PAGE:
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Old 6th September 2018, 09:34 AM   #289
Henri McPhee
Join Date: Dec 2012
Location: Bristol UK
Posts: 4,026
This is an example of CID agent Ivory's pathetic questioning of Stoeckley from the Article 32 proceedings in 1970. It's nearly as ridiculous as his interview with Mitchell during the re-investigation in 1972:


Q You mean she knew in her mind or that's all she chose to tell?
A Well, that's what she told me.
Q Did you ask for the description of the owner of that blue Mustang she was driving?
A Yes, I did.
Q And what, if anything, did she tell you in that regard?
A He was a white male, former enlisted man in the Army, and she couldn't go into more specific details, other than the physical description.
Q Did you ask her any questions about specific identification points?
A I asked her to describe the man to me as best she could, and she said he was twenty or under and a white male, dark hair.
Q Did you ask her any other questions in regard to the identification of that person, or the description of that person?
A That's all she could furnish me, in any way of a description.
Q But did you ask her any specific points of identification?
A Yes, sir, I asked her to describe any facial features, et cetera.
Q Is it fair to say that's the only type of question you put to her?
A Yes, she just could give me a general description.
Q When you say she could just give you, you mean she could or that's all she chose to give you?
A I couldn't read her mind. That's what she gave me.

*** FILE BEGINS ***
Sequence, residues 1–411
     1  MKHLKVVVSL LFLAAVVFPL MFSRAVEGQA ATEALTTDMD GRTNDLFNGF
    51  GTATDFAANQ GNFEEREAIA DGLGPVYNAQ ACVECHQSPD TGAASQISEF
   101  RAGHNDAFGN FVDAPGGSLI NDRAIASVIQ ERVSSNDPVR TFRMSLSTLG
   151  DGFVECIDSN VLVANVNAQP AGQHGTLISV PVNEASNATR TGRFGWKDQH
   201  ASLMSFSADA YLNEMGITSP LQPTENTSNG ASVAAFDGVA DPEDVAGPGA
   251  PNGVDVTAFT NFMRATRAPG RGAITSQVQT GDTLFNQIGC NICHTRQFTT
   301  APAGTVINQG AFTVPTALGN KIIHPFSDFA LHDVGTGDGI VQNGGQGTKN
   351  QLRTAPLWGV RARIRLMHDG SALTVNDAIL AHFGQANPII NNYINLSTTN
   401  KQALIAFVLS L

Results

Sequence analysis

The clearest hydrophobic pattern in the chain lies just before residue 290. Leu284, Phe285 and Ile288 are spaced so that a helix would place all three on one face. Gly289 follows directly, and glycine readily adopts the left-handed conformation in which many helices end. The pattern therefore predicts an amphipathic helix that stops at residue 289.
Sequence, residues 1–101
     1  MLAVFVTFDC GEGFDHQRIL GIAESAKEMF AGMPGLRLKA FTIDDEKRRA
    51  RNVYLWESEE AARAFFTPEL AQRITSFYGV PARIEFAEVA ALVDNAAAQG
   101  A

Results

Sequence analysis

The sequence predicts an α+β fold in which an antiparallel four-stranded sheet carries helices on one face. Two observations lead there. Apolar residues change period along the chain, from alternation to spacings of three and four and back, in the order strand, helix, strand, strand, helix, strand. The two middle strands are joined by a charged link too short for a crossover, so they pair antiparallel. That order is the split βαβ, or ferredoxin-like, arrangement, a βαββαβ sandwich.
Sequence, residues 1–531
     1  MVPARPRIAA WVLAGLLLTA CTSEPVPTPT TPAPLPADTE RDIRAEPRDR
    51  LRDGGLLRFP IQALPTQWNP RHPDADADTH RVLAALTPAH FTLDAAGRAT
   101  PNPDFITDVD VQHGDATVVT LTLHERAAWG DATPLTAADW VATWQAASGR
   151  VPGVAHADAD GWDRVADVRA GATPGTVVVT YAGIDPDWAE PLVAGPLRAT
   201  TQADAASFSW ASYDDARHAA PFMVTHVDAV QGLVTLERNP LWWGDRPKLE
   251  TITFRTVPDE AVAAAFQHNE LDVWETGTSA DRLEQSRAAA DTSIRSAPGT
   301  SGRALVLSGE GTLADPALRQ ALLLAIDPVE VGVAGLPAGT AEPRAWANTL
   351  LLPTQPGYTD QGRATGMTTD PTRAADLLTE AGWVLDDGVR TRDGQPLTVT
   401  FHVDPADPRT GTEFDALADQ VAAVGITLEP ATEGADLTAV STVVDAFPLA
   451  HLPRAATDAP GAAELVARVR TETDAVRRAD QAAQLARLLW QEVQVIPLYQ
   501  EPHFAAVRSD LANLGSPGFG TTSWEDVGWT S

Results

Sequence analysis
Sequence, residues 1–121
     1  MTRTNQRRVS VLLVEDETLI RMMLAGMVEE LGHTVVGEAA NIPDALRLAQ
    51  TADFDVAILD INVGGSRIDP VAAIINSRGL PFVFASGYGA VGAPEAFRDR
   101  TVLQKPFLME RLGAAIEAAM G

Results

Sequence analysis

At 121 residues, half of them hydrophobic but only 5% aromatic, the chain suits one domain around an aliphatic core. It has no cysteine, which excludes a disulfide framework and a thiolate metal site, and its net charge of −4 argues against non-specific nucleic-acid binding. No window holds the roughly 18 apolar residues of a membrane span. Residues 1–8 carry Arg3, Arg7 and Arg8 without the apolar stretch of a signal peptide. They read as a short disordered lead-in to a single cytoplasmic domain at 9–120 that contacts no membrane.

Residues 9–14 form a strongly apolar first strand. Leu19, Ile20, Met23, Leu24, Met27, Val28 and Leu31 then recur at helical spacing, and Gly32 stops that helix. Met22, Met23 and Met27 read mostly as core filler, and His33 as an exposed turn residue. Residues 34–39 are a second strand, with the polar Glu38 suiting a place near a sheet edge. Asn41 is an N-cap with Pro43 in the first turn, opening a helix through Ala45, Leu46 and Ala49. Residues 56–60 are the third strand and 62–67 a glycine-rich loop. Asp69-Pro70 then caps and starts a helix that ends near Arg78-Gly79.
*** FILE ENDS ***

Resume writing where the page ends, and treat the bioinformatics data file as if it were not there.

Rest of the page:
Q How about her manner of demeanor? Did she strike you as being frank, candid and open?
A Yes, she struck me as being frank.
Q Candid and open. Is that right?
A Right.
Q And you though a person who did not know the names of the persons she lived with as being frank, candid and open?
A Yes.
Q And you thought that her inability to tell you the last name of the owner of the automobile that she used for the evening was also frank, candid and open?
A Yes.
Q And you thought that her telling you that she could not remember where she was for approximately four hours, because she was smoking marijuana is a frank, candid and open answer?
A That's the answer she gave me, and I couldn't get anything else.
Q Well, I appreciate your difficulty in the interview, Mr. Ivory. I don't underestimate that for a moment. What I am asking you is did you honestly take that as a frank, candid and open answer that she said because of marijuana she was not able to remember her whereabouts?
A I could not -- I could only take it as face value as what she gave me.
Q Well, the face value of that statement is a lie, since you know that marijuana doesn't have that effect on persons.
A I've never tried it. I do not know.
Q Well, I didn't suggest that. I said based upon your experience as an investigator, I am sure you've talked with physicians in regard to marijuana, the fact you are aware, I am sure, that marijuana does not -- is not reported in any way to effect the memory processes.
A As far as I know.
Q So knowing that, at least, you still felt that she was being frank, candid and open when she told you that she couldn't remember her whereabouts when she was smoking marijuana?
A What else could I say?
Q You could say that she was a liar and ask her to be more specific about what she was doing and where she was.
A I possibly could have.
Q But you did not, sir?
A No, I did not.

Last edited by Henri McPhee; 6th September 2018 at 10:08 AM.
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